Eventually, just like dad, Mitt entered politics. He aimed high from the start and took on Ted Kennedy for Senate in Massachusetts in 1994. Romney ran as a moderate Republican (like his dad) and did well but lost. Video clips of that election cycle show a man with social views far more liberal than he claims now. Romney would run and win the governorship as a moderate/progressive Republican in 2002, appearing to once again mirror his own father’s life. And just like his dad did for Michigan, Romney turned a huge state deficit into a surplus while also heavily expanding the role of the state government (see Romneycare).
George Romney’s success as governor led him to run for president in 1968. Political analysts considered him a likely winner early in the process. People felt like he looked presidential with his handsome look and square jaw. He had the support of Republican governors, and early polls in the fall of 1966 had him beating Richard Nixon in the primary and President Johnson in the general. But once Romney began to campaign in February of 1967, his polling began to slowly drop.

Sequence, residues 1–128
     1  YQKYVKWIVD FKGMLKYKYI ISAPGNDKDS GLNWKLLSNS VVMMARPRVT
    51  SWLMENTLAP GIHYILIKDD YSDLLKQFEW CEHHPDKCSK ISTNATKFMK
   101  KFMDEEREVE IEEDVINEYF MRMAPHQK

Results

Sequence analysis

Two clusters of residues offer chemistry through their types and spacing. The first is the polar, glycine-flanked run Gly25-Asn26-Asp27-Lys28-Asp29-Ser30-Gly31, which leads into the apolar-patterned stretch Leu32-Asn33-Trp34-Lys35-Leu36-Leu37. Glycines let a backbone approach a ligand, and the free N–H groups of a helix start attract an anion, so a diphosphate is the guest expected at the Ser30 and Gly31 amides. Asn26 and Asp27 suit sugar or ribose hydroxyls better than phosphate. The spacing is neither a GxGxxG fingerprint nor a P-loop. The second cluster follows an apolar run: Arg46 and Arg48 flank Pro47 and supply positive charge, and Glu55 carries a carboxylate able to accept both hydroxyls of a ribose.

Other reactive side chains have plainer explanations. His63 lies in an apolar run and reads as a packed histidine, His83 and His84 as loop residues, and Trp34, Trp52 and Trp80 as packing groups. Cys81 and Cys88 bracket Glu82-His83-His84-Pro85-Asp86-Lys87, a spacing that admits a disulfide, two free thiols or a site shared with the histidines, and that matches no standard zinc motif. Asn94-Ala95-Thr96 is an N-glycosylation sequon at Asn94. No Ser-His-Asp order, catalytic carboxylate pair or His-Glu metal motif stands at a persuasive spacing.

Presidential candidate George Romney actually looked less like his son running and a lot more like Herman Cain. He was known as a straight-talking businessman who wasn’t always careful with his words. He was considered very weak on foreign policy and gaffe-prone. He became famous for talking freely, saying something wrong, and correcting himself later while arguing that he wasn’t really correcting, only clarifying. One reporter commented that if he could add a key that typed out a phrase it would be “Romney later explained….”
In August of 1967, Romney did an interview late after a long day on the campaign trail. He announced his switch from supporting the war in Vietnam to being against it. And in that interview he said that on a previous trip to Vietnam in 1965 American commanders on the ground “brainwash(ed)” him into supporting the war. (It was not unlike Cain’s videotaped interview blunder on Libya.) After Romney’s comments were published, his poll numbers tanked and never recovered. He became the butt of jokes and mockery, actually receiving much of the same treatment as both Cain and Perry in 2012’s presidential campaign. Realizing failure was coming, George withdrew from the race in February of ’68 and wrote to his son Mitt who was on mission: “Your mother and I are not personally distressed. As a matter of fact, we are relieved. … I aspired, and though I achieved not, I am satisfied.”